“Dunkin’ isn’t fixing anything by putting a processed Beyond Meat patty in a doughnut and having Snoop talk about it. I think we will continue to see fast food pushing ‘plant-based’ options, but that doesn’t mean those options are healthy or nutritious,” she said.
Pankonin adds that fast-food companies are well aware of the fact that “plant-based” is an effective tactic for getting consumers to buy into the idea that they’re making a healthy choice.
She stresses it’s important people take the time to read Nutrition Facts labels on any food before they buy it at the supermarket or order it for a quick, on-the-go meal at a place like Dunkin’.
“Sadly, I think too many restaurants are wanting to appear healthier than they are, and are trying to glom on to a trend of plant-based items,” Hunnes said.
“I am more than thrilled to see more plant-based items being offered at restaurants both for ‘health’ and environmental reasons. But truly, I think there need to be more regulations on the term plant-based so that restaurants have to demonstrate that their item is healthier,” she said.
Hunnes added, “I believe that people want to be healthier and are becoming more aware of plant-based. So, I believe there needs to be some sort of rubric to identify items that are healthier, less processed, and plant-based used as a more healthful term.”
However, while fast-food Impossible Meat menu items may not be “healthy” choices, some experts point out that plant-based “meat” consumed in moderation may help improve some aspects of a person’s diet.
In fact, when it’s not placed in a fast-food sandwich, plant-based alternatives can be helpful for people who are working on limiting consumption of red meat and processed meats.
“For my patients, I start with asking how much [processed meat] they are eating on a regular basis. If consumption is high (two to three times a week), then substituting with plant-based a few times a week may help,” said Kristin Kirkpatrick, MS, RDN, author of “Skinny Liver.”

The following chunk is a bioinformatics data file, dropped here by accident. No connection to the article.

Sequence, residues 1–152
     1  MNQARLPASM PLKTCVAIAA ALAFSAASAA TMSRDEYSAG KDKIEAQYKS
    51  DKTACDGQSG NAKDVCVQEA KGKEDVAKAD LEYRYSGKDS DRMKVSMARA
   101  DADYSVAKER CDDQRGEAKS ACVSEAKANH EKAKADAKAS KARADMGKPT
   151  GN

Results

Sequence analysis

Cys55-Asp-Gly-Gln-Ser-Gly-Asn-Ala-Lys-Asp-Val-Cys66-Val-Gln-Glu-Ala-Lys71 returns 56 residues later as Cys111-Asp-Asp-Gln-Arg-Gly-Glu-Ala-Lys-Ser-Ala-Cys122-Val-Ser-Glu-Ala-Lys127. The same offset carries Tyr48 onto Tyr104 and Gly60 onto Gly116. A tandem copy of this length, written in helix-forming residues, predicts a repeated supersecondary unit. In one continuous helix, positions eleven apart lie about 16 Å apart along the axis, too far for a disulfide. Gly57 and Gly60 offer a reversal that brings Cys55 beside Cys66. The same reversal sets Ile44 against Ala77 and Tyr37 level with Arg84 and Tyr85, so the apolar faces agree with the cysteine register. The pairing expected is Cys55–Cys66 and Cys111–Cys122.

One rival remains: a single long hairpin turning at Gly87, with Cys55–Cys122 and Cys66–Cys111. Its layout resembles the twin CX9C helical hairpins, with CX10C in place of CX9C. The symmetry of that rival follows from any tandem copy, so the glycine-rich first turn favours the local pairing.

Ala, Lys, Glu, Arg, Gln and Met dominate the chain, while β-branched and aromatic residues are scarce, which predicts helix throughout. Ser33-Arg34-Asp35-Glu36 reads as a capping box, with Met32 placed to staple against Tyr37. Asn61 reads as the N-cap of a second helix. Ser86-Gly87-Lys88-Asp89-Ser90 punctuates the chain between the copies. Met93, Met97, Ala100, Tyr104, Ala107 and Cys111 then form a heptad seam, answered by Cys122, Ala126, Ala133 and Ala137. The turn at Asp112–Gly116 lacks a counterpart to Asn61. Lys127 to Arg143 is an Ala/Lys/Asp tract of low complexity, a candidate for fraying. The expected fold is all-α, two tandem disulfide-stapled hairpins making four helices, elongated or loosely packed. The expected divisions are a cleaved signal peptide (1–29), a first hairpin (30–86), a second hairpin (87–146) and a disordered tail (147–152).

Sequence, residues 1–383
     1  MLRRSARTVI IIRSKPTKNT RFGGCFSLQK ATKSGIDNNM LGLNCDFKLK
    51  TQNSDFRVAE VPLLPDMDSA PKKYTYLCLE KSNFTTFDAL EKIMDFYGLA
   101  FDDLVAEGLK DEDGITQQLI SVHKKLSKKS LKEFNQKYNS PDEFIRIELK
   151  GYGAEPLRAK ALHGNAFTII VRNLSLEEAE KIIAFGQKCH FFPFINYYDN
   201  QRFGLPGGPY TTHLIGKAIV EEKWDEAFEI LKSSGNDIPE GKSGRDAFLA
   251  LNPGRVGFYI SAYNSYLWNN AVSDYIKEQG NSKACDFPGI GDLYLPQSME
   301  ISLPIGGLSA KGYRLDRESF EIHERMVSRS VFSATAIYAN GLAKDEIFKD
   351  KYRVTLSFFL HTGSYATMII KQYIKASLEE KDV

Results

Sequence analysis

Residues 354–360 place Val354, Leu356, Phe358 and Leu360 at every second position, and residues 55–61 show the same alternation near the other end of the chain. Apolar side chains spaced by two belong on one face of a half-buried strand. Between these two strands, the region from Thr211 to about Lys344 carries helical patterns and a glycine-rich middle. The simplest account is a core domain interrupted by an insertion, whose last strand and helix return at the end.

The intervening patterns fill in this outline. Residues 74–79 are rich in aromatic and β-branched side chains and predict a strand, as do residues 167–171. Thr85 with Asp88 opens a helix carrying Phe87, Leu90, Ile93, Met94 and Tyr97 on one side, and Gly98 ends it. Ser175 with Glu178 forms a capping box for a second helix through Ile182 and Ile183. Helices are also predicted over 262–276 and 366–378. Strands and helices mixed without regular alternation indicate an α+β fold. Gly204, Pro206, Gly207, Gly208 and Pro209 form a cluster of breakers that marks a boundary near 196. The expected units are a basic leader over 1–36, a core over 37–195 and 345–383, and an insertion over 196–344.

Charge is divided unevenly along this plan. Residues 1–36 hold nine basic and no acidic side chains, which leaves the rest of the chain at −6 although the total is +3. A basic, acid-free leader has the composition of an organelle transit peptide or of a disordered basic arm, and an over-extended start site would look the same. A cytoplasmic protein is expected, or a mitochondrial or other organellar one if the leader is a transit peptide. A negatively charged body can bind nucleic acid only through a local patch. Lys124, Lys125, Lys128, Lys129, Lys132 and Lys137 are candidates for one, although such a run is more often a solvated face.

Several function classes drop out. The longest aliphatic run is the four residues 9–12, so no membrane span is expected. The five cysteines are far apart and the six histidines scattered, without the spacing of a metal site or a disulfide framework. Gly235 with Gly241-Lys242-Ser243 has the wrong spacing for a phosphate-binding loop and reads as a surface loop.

Still, experts say they’d rather see people getting the majority of their plant-based protein in the form of whole foods, such as legumes, nuts, and seeds.
Kirkpatrick also points out that for those who don’t regularly consume red meat, choosing an Impossible Burger over “the real deal may not make a huge difference” for your long-term health.
For 1 week only, Dunkin’ will be selling a new Beyond D-O-Double G Sandwich as part of a publicity campaign with Snoop Dogg.
The sandwich consists of a plant-based Beyond Sausage patty, egg, and cheese, all served on a sliced glazed doughnut.
The company is billing plant-based items as healthy alternatives to their more traditional breakfast offerings.
Nutritionists say it’s misleading. The fact that this sandwich contains eggs and cheese, a glazed doughnut, and heavily processed patties means it comes with a high calorie count and a level of saturated fat and sodium that is just as unhealthy as other fast-food offerings.
Experts suggest if you must have this kind of sandwich, choose one with lettuce and tomatoes, and skip the doughnut.
They stress that the “healthy” label given to these kinds of items is dangerous, feeding misinformation about the kinds of foods we consume. Experts add you should always consult Nutrition Facts labels to know what is in the foods you consume.
Additional reporting by Michelle Pugle